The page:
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"It may seem like the firm foundation that you have been seeking is very close, even if it's still just out of reach. You nostalgically long for a lost certainty that could guide you through the choices ahead. But your potential growth may depend on your flexibility and your willingness to let go of your dream for stability. Be open to fulfillment in the present moment and not in some distant future."

My husband just called from the car after getting out of a meeting.  His manager just got word that she's been promoted.  This leaves her position open.  This is the position that he was working towards.  If you believe in prayer, voodoo or good magic, do it now.  He's not formally applied for this position, frankly we don't even know if they've posted out for outside applicants either.  I do not know if they were looking to find an internal applicant or external, but, for the love of chocolate bunnies, He Could Use This Opportunity.  He had no indication that she was moving on - and it came as a shock.  Just last week he sat in with her for his review.  At the time, he got a good review, a bit of a "promotion" (in the form of a title added to his status) and a raise.  Please.  Please.  Please.  It may be a long shot... but... but... but... he deserves an opportunity like this.  Especially right now.  Especially right now.  I don't want to get any part of excited about this - reading anything into it, because of the high level of unlikelihood that it would happen, but... there is a little glimmer of hope.


Bob always does our taxes himself, and second-guesses them and brings them to a professional, at at cost.  This time around, he finished up the paperwork and headed to a different preparer, who had just figured out that a few family members had missed out a few bucks here and there, and got them heftier returns.  He figured that maybe he could add a few dollars to ours, and off he went.  The result? 

$80.00 for the professional preparation > $100.00 added to our return in total.  Take the gas and time wasted into consideration, and the four year old that went with him to shut the lights off in her office and it makes no difference.  He doesn't get that I found any humor or irony in this.  What's even better?  Her office just called here, to let me know that his form of payment is not acceptable.  They don't accept American Express, and he needs to offer alternate payment.  I made some remark about how he uses the Amex for everything, we get points, and he pays it off every month, blah blah blah, like I need to explain that to anyone, but somehow I did.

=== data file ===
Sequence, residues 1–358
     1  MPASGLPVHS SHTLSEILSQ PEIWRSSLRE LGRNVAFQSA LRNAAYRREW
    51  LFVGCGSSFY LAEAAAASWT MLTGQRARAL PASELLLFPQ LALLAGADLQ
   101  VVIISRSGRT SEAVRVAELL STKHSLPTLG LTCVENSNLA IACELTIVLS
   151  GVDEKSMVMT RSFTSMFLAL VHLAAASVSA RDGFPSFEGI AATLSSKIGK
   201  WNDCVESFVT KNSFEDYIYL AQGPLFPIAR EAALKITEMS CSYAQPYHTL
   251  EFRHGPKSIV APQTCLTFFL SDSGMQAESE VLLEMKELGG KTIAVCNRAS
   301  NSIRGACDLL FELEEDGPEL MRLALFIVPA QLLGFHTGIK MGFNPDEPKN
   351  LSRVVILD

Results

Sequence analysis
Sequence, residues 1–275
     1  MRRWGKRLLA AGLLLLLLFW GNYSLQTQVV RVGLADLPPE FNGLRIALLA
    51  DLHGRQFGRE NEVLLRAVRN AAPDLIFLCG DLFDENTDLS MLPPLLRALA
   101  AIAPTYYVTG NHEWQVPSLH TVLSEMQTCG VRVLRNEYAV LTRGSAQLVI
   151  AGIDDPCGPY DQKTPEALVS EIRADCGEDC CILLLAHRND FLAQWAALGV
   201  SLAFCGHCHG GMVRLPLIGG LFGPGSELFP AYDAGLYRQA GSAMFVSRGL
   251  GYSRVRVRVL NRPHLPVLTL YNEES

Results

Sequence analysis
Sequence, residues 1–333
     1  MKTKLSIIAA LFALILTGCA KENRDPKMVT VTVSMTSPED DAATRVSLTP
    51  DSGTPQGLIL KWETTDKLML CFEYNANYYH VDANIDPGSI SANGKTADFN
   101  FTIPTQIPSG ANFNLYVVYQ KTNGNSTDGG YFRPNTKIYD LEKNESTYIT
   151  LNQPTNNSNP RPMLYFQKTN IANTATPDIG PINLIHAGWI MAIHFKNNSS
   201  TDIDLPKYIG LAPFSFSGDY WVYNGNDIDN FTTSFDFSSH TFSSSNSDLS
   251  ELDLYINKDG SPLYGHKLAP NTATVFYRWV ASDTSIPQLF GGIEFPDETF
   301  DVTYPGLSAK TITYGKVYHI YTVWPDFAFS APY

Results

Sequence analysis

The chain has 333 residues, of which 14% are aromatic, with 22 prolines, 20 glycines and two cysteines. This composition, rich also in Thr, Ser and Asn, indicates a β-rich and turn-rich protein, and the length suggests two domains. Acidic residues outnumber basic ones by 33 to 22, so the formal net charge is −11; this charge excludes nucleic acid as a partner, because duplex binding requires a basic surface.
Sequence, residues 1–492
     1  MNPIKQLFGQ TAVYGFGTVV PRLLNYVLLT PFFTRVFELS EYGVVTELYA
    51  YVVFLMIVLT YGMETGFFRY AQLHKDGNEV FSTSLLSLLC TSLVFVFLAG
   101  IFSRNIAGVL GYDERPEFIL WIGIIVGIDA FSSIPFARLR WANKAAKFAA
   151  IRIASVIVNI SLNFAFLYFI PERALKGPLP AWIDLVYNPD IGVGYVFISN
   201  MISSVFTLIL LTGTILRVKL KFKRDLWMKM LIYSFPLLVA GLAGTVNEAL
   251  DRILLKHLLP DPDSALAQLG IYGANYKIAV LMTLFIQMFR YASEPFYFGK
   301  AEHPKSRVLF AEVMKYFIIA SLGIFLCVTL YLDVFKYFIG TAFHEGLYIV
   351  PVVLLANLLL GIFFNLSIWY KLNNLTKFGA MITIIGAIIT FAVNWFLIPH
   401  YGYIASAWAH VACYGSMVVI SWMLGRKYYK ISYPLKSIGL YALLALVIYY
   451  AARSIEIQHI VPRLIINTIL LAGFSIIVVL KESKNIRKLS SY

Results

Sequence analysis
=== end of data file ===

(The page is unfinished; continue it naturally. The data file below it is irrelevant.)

Why I can't watch daytime TV.

...because, when I have it on, I get sucked into the commercials Aimed Directly At Me - The Underemployed At-Home Adult!  Even if I ignore all of what is on the Today Show, I look straight up at the commercial Aimed Directly At Me:  "Blah, blah, blah, get your degree, get a job, get a life, don't abandon your family, be Happy Forever, Simple!  All this, you could put on your credit card!

I immediately go to the school's website, to see if they had any online options, what the financing was, and to see what degrees or certifications were available.  That particular one turned up nothing, and I started Googling "how to get an online degree." 

Yeah, well, nobody wants to give you information online, they want you to get on the phone with an advisor, for a sales pitch.  (Note:  You can't really pitch something to someone who hasn't got any money to pay for it, hence why I'm a "terrible" salesperson in general, I can unsell you out of anything.)

I X-ed out of each website after following each chain of questions, where/what course/what level education have you attained - "do you understand that you will be contacted by an academic adviser?" X-CLICK. 

I don't need you to call me to tell me anything, I need to READ your fine print.